Do you believe in miracles?
Baby Vanellope Hope Wilkins, of Bulwell, Nottinghamshire, became the first in the United Kingdom to survive ectopia cordis—an extremely unusual condition in which the heart of a fetus is developed partially or completely outside the chest.
It was a miracle because “babies born with this condition generally have less than a 10 percent chance of survival,” University Hospitals of Leicester NHS Trust stated.
And those who survive birth die within the first few days, per Healthline.
Her parents, Naomi Findlay and Dean Wilkins, learned about Vanellope’s condition before she was born through an ultrasound scan.
“I burst into tears. When we did the research we just couldn’t physically look because the condition came with so many problems,” Findlay told Leicester Mercury.
“All the way through it, it was ‘the chances of survival are next to none, the only option is to terminate, we can offer counseling’ and things like that.”
Though the diagnosis came as a shock, the parents refused to accept their doctors’ suggestion to terminate the pregnancy.
“To see, even at nine weeks, a heartbeat—no matter where it was. It was not something I was going to take away,” mom Findlay told BBC.
“In a way her strength gave me a strength to keep going.”
When baby Vanellope was born at 9:50 a.m. on Nov. 22, 2017, in Glenfield Hospital, Leicester, via C-section, her heart—as expected—protruded outside her body.
However, much to her parents’ relief, Vanellope came out crying.
“Twenty minutes went by and she was still shouting her head off—it made us so joyful and teary,” dad Wilkins told Leicestershire Live.
Within 50 minutes after Vanellope came into the world, she had her first operation to place her heart back inside her chest.
Several weeks later, the tiny baby underwent two more operations, in which the pediatric surgical teams fully fitted her heart back inside her chest and grafted her skin to seal the hole.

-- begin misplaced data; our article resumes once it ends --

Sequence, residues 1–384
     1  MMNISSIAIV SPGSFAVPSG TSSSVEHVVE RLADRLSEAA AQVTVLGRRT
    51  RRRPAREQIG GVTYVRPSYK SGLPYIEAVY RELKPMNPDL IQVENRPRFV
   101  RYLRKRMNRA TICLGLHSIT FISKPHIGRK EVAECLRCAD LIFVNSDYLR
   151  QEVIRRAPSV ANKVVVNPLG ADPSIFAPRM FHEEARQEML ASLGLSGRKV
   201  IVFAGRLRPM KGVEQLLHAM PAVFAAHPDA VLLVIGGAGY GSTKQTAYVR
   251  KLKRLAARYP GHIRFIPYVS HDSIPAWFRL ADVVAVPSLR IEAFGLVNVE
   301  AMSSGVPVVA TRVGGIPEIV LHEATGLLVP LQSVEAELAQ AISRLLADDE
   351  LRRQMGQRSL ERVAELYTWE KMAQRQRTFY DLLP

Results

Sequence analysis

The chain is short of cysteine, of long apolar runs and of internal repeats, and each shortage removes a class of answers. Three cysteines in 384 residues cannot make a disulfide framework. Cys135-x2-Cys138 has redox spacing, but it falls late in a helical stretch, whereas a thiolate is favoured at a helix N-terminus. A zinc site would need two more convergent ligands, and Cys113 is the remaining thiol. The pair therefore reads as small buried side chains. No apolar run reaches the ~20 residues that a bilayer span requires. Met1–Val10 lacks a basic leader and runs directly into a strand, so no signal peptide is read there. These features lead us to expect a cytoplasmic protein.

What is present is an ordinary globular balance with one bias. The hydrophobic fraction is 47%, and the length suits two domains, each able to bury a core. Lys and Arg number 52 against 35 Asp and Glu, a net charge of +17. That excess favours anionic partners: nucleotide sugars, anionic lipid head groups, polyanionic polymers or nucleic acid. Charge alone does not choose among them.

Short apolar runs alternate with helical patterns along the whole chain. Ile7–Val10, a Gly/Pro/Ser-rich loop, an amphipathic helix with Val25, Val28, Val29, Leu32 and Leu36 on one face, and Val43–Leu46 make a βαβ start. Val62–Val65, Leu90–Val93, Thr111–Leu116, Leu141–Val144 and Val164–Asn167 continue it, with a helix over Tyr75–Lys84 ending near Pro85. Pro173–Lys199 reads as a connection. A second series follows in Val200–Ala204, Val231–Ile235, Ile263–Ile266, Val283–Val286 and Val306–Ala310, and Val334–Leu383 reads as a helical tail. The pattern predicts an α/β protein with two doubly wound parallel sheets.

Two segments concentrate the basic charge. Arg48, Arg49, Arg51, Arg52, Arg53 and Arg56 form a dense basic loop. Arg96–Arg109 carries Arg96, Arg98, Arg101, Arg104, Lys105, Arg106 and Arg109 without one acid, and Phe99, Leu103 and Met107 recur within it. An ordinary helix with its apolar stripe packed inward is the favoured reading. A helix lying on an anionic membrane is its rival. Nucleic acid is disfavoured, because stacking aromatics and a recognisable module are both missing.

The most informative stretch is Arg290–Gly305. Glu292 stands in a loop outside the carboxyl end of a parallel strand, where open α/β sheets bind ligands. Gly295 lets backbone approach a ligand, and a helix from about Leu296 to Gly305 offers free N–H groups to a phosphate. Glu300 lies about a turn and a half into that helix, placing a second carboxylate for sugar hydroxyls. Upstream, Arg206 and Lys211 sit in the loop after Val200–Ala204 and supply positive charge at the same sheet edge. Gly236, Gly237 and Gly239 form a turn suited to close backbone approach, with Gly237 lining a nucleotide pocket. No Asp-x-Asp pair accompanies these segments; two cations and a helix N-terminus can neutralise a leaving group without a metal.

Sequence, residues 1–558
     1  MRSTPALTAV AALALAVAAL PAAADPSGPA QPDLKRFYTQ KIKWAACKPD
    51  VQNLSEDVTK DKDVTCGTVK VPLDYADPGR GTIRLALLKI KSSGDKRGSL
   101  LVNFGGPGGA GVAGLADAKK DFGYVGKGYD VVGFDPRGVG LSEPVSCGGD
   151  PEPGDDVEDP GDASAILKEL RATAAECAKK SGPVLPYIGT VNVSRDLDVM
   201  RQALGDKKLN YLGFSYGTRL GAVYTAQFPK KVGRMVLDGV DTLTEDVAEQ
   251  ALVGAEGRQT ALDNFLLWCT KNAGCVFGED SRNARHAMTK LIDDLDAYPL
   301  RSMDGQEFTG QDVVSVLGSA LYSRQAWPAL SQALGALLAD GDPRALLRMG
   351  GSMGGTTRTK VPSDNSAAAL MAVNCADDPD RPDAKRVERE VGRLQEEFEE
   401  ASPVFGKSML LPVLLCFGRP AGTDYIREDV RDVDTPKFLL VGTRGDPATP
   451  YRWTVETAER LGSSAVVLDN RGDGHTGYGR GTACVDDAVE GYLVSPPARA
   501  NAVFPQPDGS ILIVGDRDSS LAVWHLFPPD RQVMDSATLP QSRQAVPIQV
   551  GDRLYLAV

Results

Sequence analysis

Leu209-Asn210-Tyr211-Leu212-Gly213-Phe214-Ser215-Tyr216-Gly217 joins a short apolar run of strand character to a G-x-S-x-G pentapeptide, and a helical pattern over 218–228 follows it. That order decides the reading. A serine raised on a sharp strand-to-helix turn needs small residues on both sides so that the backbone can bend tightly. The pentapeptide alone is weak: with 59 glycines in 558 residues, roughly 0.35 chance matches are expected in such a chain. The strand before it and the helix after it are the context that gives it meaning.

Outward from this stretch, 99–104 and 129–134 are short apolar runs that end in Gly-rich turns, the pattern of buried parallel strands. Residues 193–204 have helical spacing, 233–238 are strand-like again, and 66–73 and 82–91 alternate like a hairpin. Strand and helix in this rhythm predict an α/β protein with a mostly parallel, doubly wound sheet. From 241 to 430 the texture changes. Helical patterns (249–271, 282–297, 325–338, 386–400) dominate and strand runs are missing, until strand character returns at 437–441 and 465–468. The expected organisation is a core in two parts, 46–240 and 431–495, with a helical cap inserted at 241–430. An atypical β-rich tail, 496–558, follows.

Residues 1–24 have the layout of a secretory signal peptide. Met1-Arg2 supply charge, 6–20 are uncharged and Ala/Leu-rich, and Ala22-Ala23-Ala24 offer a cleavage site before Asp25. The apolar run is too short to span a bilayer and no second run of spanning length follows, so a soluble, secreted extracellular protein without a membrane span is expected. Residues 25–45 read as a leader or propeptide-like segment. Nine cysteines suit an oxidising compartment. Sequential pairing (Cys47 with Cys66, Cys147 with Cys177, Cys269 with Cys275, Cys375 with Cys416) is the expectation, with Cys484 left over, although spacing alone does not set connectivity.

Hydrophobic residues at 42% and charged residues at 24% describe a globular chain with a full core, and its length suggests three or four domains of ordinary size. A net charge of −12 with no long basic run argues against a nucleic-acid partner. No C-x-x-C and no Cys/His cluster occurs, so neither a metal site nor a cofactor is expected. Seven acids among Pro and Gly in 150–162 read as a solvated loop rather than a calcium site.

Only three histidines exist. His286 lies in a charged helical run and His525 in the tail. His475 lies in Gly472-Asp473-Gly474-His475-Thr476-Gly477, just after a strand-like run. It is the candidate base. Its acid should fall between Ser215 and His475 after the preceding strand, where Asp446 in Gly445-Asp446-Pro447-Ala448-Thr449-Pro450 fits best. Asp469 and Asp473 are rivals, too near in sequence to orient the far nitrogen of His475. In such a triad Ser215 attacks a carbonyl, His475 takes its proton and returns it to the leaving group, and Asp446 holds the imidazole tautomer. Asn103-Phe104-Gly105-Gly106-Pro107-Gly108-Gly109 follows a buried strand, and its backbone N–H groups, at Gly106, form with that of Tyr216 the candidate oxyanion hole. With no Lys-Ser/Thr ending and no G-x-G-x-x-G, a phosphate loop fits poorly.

Miraculously, Vanellope pulled through.
“Before she was born things looked very bleak but now they are quite a lot better—Vanellope is doing really well and has proved very resilient,” said Frances Bu’Lock, consultant pediatric cardiologist.
She also added, “I had seen case about 20 years ago but that pregnancy was ended.”
According to Glenfield Hospital, Vanellope was most likely the first U.K. baby with ectopia cordis to survive. They’d heard of no other survival cases in the United Kingdom.
To Findlay and Wilkins, their daughter Vanellope was “a real fighter,” just like the character “Vanellope” in the Disney film Wreck It Ralph.
“Vanellope in the film is so stubborn and she turns into a princess at the end so it was so fitting,” Findlay said.
“The Hope part is the fact that she has brought us hope.”
Vanellope still has “a long road ahead”; nonetheless, she has beaten the odds!
“We were advised to have a termination and that the chances of survival were next to none—no-one believed she was going to make it except us,” Wilkins said.
“She defying everything—it’s beyond a miracle.”
Fortunately, Findlay and Wilkins stayed hopeful and believed Vanellope would survive. The baby girl is alive today all because of that one choice, to give her a chance.
The parents hope their story will motivate other moms facing similar situations not to lose hope.
“Some moms still terminate and if we can get out there that there is a hope, and that it can be done, then it’s giving all those moms out there a chance,” Wilkins said.
He also added, “Even if years go by, she will still be remembered as a reminder that there is that hope.”
Always believe in miracles! There is always hope.
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